CHINA – Foshan isn’t just an industrial city: there is culture too!

Most people probably don’t know Foshan and those two do probably think it’s one big industrial city near Guangzhou in the Guangdong provice. It’s located in the middle of the Pearl River Delta. It is mainly industrial, but it also has several places of interest of which the Nanfeng Kiln is of particular interest. Ceramics were the region’s most important product for a long time. Foshan is also the perfect base to explore the Kaiping area with its multistory fortified houses of overseas Chinese who returned to China early 20th century. More on that later in another day trip story. Now I’ll show you what you can do in Foshan if you have a day before or after a business trip or if add it for some reason in your China itinerary.  

Nanfeng Kiln Foshan

Nanfeng Kiln is the oldest kiln of China and dates to the Ming Dynasty (14th-17th century). It’s located in Shiwan Town which was famous for its ceramics already from the Tang (7th-10th century) and Song Dynasties (10th-13th century). It’s one of the few surviving kilns which are called dragon kilns because they were built against a slope and resemble a dragon. Over time Shiwan Town became the most famous place in China for ceramics and still is today. The Nanfeng Kiln never stopped working and pottery is still made today the same was as it was done 500 years ago.

At the entrance, there is a huge ceramic screen made at the Nanfeng Kiln (see gallery below) which shows the old kiln with lots of details. This kind of pottery / ceramics you’ll also see at the Foshan Ancestral Temple or Zumiao Temple which I’ll describe below. You can visit the old kiln and if you are lucky you can see it working but when I visited it wasn’t fired up unfortunately. At the top of the kiln stands a huge 400-year old Banyan tree which is a miracle, as per local legend, that it survived. It takes about two hours to explore the kiln and the small temple within the complex. Make sure to visit the ceramics museum with some interesting pieces of art. You can even make your own pottery but this takes time, of course, and won’t be ready in a day. If you are looking for souvenirs I recommend to buy them here as they are traditional items and not bulk made for tourists.

Renshou Temple Foshan

The Renshou Temple isn’t very old, just a century, but is an active temple in Foshan. The octagonal Ruyi Pagoda houses a ceramic statue of a female Buddha which is made at one of the local kilns. A visit to the Renshou Temple is recommend as it’s always full of locals and Buddhist monks. This will give you a great view into the daily life and a better understanding of temple habits. It’s not a huge place and when you finish it’s probably lunch time (if you visited the Nanfeng Kiln in the morning). The Foshan Ancestral Temple is within walking distance and you’ll pass plenty of restaurants to go for lunch on your way there.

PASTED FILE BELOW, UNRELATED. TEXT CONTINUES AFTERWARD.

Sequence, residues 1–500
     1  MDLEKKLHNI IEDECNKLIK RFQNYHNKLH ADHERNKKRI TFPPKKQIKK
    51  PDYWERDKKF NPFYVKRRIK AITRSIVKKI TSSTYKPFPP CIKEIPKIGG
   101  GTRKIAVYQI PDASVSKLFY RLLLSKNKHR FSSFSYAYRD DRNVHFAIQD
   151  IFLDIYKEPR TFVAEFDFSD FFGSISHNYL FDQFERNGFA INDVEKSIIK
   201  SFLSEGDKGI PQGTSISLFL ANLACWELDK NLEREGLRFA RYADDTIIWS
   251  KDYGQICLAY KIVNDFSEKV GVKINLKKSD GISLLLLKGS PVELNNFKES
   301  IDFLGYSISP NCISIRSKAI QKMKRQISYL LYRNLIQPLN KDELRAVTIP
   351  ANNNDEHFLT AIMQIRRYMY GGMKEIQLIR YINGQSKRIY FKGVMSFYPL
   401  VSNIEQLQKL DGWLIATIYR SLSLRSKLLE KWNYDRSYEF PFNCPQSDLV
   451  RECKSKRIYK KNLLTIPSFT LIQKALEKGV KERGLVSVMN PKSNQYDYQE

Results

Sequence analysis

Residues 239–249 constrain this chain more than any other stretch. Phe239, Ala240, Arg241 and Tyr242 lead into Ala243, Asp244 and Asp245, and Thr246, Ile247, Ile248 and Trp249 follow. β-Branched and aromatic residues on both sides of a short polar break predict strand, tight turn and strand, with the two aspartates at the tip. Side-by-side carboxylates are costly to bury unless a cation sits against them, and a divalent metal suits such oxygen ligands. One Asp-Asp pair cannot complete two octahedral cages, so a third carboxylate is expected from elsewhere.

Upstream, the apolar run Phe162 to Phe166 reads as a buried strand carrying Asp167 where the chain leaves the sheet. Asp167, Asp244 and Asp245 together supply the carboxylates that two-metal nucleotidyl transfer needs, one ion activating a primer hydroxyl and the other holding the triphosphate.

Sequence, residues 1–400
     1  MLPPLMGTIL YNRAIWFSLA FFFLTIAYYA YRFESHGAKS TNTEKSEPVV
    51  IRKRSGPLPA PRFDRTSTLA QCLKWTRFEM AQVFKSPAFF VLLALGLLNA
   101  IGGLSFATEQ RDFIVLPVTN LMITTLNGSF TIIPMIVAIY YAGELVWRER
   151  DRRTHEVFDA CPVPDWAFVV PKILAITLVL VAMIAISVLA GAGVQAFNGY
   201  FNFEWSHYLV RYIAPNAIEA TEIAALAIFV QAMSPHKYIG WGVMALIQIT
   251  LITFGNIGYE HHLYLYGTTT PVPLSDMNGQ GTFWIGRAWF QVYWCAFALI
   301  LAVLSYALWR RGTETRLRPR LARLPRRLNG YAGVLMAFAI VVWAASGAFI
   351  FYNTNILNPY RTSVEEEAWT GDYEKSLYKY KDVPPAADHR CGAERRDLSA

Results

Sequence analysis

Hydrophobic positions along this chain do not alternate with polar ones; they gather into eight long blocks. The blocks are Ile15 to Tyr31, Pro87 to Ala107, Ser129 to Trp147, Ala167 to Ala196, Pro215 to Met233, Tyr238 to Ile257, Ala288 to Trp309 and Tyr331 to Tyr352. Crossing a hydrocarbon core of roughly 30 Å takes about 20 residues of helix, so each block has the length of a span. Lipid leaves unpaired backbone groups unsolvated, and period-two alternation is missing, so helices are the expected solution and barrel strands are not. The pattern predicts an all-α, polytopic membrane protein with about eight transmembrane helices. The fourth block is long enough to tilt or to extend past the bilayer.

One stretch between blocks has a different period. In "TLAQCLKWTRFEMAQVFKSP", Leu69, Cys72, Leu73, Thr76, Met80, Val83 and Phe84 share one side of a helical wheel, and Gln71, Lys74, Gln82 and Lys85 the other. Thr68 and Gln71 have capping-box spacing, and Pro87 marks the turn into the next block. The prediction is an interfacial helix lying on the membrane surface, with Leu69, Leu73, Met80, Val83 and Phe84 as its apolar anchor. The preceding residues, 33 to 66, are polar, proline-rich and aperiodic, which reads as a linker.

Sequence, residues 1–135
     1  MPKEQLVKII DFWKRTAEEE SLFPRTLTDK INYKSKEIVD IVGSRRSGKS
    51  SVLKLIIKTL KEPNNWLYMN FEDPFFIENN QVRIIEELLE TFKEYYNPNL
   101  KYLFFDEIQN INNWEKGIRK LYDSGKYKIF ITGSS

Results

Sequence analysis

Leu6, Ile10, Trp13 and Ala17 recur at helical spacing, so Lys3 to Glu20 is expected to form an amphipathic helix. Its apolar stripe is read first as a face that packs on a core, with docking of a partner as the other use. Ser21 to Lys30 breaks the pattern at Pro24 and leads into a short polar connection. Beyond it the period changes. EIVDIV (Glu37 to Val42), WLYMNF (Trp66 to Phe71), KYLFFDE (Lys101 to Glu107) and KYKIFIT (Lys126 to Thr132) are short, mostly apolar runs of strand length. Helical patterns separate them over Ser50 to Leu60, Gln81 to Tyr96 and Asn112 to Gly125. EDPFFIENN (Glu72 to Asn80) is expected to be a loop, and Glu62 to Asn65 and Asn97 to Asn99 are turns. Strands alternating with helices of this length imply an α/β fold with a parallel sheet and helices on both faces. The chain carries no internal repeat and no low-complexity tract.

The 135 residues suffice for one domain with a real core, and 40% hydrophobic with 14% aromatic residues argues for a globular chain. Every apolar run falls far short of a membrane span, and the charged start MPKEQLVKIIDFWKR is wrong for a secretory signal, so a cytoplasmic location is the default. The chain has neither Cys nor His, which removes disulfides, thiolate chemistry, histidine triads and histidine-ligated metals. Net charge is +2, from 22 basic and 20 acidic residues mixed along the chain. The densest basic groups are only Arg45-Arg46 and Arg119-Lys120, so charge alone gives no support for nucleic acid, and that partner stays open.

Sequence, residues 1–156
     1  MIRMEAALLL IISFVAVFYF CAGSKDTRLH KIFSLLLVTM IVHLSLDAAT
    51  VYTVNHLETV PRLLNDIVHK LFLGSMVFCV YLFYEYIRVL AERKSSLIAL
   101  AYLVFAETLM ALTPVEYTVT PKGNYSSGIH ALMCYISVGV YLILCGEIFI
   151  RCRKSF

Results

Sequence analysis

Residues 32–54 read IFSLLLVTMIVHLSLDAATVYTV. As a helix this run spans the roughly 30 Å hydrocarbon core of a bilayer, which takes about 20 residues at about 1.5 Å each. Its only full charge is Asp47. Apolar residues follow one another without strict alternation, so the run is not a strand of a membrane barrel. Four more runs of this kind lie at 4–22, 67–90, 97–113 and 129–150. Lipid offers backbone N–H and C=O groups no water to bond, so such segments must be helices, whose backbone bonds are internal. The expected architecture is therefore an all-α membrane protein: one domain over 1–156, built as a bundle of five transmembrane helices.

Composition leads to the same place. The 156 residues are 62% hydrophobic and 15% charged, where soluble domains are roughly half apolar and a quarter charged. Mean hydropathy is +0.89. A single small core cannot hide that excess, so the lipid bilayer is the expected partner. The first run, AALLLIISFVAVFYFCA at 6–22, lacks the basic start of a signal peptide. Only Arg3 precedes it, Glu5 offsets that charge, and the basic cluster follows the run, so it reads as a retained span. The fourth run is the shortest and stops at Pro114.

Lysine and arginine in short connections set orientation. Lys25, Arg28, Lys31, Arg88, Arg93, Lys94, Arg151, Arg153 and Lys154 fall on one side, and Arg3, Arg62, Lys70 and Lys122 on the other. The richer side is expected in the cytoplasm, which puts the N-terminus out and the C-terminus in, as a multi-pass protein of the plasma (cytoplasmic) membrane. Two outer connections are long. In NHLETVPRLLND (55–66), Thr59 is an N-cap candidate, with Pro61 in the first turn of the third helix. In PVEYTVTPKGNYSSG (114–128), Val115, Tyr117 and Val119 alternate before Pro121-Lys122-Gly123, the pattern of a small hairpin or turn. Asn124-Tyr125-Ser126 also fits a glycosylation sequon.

Foshan Ancenstral Temple or Zumiao Temple

The Foshan Ancestral Temple or sometimes called Zumiao Temple dates to the end of the 11th century.  It was however destroyed a century later and rebuilt at the end of the 14th century. The temple is dedicated to the northern God call Beidi which is the protector of the waters of Guangdong province. The temple complex consists of several buildings which include a terrace, pond and three halls. Although it’s still a temple and functions as one it was converted half a century ago to the Foshan Municipal Museum. It does take away some of the authenticity but still worth a visit.

When I visited early January, it was very crowded due to festivities but this also had its charm. People worshipping their ancestors, attending performances of lion dances and swordsmen fighting. As said the Foshan Ancestral Temple has been turned into a museum including a martial arts museum dedicated to the master Wing Chun. If you look beyond that and forget about the crowd you’ll see the original temple with beautiful ceramics made in local kilns like the Nanfeng Kiln (see photo above and in the gallery). These ceramics depict scenes from daily life and religious rites. It’s quite a large complex and especially when it’s crowded a visit takes a few hours. The Foshan Ancestral Temple is one of three places in Foshan I recommend to visit if you have a day in Foshan.

I would not recommend a visit to Foshan during a first trip to China unless you must be in Foshan for business. If you are in Foshan for business these cultural places are a perfect day trip to learn about local life and history. I stayed in Foshan mainly to explore the Kaiping area but due to planning and my stay at the Crowne Plaza Hotel Foshan I had two half days to explore the three most important cultural sites in Foshan. Both the Nanfeng Kiln and the two temples together take up about half a day each. I continued my journey to Xiamen which was the last city I would visit during this China trip.

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Did you visit Foshan in Guangdong too or do you have questions? Please leave a comment at the bottom of the page. Love to hear from you!

Gallery Foshan

Check the gallery for more photos taken during this trip. If you like to use any photo for commercial, private or editorial use please contact first for permission and/or pricing.

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